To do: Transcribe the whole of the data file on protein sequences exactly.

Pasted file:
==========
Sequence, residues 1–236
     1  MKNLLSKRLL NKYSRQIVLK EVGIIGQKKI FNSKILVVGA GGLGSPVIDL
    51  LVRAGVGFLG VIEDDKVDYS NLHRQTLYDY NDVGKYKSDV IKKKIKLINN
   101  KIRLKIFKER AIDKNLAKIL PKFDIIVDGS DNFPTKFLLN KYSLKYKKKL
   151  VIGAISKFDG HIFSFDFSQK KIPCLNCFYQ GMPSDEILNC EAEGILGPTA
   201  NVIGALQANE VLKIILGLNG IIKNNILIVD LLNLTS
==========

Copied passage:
Sequence, residues 1–236
     1  MKNLLSKRLL NKYSRQIVLK EVGIIGQKKI FNSKILVVGA GGLGSPVIDL
    51  LVRAGVGFLG VIEDDKVDYS NLHRQTLYDY NDVGKYKSDV IKKKIKLINN
   101  KIRLKIFKER AIDKNLAKIL PKFDIIVDGS DNFPTKFLLN KYSLKYKKKL
   151  VIGAISKFDG HIFSFDFSQK KIPCLNCFYQ GMPSDEILNC EAEGILGPTA
   201  NVIGALQANE VLKIILGLNG IIKNNILIVD LLNLTS